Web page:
Politicians are especially deft at deflection, which is the tactic of answering a question with a question that steers the conversation in a different direction. It’s not an easy skill, but former President Donald Trump mastered it, according to Wharton operations, information and decisions professor Maurice Schweitzer.
Schweitzer, whose research focuses on negotiation and communication, pointed to Trump’s confrontational style with reporters during press conferences and frequent refusal to give direct answers.
“In the 2016 presidential campaign he repeatedly was asked, ‘Are you going to release your taxes?’ And he would reply, ‘What about [Hillary Clinton’s] emails,’” Schweitzer said. “That’s deflection, and it worked.”
Schweitzer and T. Bradford Bitterly, a management professor at the Hong Kong University of Science and Technology, are co-authors of a study titled, “The Economic and Interpersonal Consequences of Deflecting Direct Questions,” which appeared in the Journal of Personality and Social Psychology. It’s the first study to examine the costs and benefits of answering a question with a question, compared with answering with the truth, a lie, or declining to respond (“I prefer not to answer that question”).
Across four experiments, the researchers found that deflection can help people maintain a good impression with their conversational partner, avoid revealing potentially costly personal information, and safeguard them from the inherent danger in lying.
“Deflection provides a method of avoiding answering questions that causes your counterpart to think that you are trying to learn more information instead of hiding information,” Bitterly said. “In doing so, it is less interpersonally costly than declining to disclose and less risky than deception.”
The study has practical implications beyond the political realm. Deflection is a tool that can be wielded during business negotiations, such as a sales deal or a job interview, where information-gathering is critical to the outcome. If a hiring manager asks a job candidate to disclose their current salary, for example, the candidate could use deflection rather than answering truthfully or declining to share the number. In one of their experiments, the scholars found that a humorous deflection to the salary question helped a job candidate maintain a favorable impression with the hiring manager while not giving away crucial information that could have lowered his salary offer.
“In job interviewers, candidates are sometimes asked sensitive and even illegal questions like, ‘Are you married? Do you have kids?’ Deflection seems like an opportunity to respond to a difficult question by redirecting the conversation and not facing the repercussions,” Schweitzer said.
Declining to answer doesn’t always work because that response itself signals information, he said. And deception is tricky because if the lie is uncovered, it creates reputational damage for the liar. But deflection does work, and it works best when it redirects the conversation back to the asker.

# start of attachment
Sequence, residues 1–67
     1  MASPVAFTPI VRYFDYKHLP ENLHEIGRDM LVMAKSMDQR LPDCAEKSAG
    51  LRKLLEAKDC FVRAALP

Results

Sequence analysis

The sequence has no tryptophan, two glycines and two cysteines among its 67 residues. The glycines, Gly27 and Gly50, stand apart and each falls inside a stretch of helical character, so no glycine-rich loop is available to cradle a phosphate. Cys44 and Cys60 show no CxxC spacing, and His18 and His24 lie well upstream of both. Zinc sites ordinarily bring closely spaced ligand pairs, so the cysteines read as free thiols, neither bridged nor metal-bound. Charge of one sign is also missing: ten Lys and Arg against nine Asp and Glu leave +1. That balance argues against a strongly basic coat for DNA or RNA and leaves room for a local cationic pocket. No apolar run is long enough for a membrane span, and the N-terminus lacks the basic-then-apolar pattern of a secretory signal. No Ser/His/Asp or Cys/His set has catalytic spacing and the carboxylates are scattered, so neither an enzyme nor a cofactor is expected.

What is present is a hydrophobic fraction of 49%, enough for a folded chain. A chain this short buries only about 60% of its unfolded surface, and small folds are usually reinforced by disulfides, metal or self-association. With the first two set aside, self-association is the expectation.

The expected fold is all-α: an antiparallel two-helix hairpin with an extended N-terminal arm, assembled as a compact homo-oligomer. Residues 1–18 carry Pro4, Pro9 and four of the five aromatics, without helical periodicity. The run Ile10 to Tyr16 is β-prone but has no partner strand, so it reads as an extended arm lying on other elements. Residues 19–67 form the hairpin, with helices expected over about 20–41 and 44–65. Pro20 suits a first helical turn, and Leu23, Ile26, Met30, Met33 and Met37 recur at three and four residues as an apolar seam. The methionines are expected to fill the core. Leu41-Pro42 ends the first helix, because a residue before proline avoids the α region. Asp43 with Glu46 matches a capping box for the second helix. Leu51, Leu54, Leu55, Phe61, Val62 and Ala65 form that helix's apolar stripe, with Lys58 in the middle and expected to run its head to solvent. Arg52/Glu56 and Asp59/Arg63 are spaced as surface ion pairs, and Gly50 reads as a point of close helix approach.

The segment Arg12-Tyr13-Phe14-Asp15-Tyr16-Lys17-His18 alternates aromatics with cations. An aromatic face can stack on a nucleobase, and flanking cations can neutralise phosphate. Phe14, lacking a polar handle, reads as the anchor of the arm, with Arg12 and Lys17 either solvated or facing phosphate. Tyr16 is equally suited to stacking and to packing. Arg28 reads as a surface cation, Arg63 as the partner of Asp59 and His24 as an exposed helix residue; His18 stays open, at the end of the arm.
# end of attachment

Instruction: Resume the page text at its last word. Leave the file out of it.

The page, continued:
“People love talking about themselves,” Schweitzer said. “There’s so much to share about the most interesting topic around, which is me.”
Breaking Conversational Rules
Schweitzer said deflection is intriguing because it violates longstanding norms of conversation, which were codified by linguist Paul Grice in the last century. One of those norms is that humans tend to answer questions truthfully. When asked about the weather, for example, a person doesn’t respond with, “I’m very concerned about my aunt’s health.”
“If I ask you a question, the conversational rule is you answer it. We feel compelled to answer questions,” Schweitzer said. “What I think makes deflection so interesting is we’re violating the rule and we’re invoking it.”
“People love talking about themselves. There’s so much to share about the most interesting topic around, which is me.”–Maurice Schweitzer
While deflection may be an effective conversational alternative, it does have pitfalls. First, successful deflection depends on the level of sophistication of both people in the conversation. The deflector may need some practice before getting it just right and not raising suspicion, and the asker also has a responsibility to recognize deflection and circle back to the question. In Trump’s testier press conferences, reporters often redirected their questions after his deflection, usually to no avail.
“In our studies, after an individual deflected, it was surprising that the majority of their counterparts never followed up on their initial question, even when they were financially incentivized to do so,” Bitterly noted.
Schweitzer said it’s easy for people to get derailed when a conversation pivots from the key line of inquiry, “especially people who are narcissistic or easily distracted.” The idea of shared conversational responsibility is one that he’s exploring further. He’s currently conducting research into the shared responsibilities in being deceived. For example what responsibilities do potential targets of deception have to ask questions, ask follow-up questions, and verify information?
“If you told a lie of omission, I never asked and that’s more my fault,” he said. “I think deflection is closer to that. I asked, you deflected, and I went along with it. It’s active on your part, but it’s still really my fault.”
Bitterly is also interested in further research on effective business communication strategies.
“We all have information that we would like to protect for completely legitimate reasons, yet the number of methods we are taught for navigating situations where we are asked sensitive questions are surprisingly sparse,” he said. “I’d like to continue to explore other strategies individuals can use for navigating these difficult situations.”
This article was first published in Knowledge@Wharton
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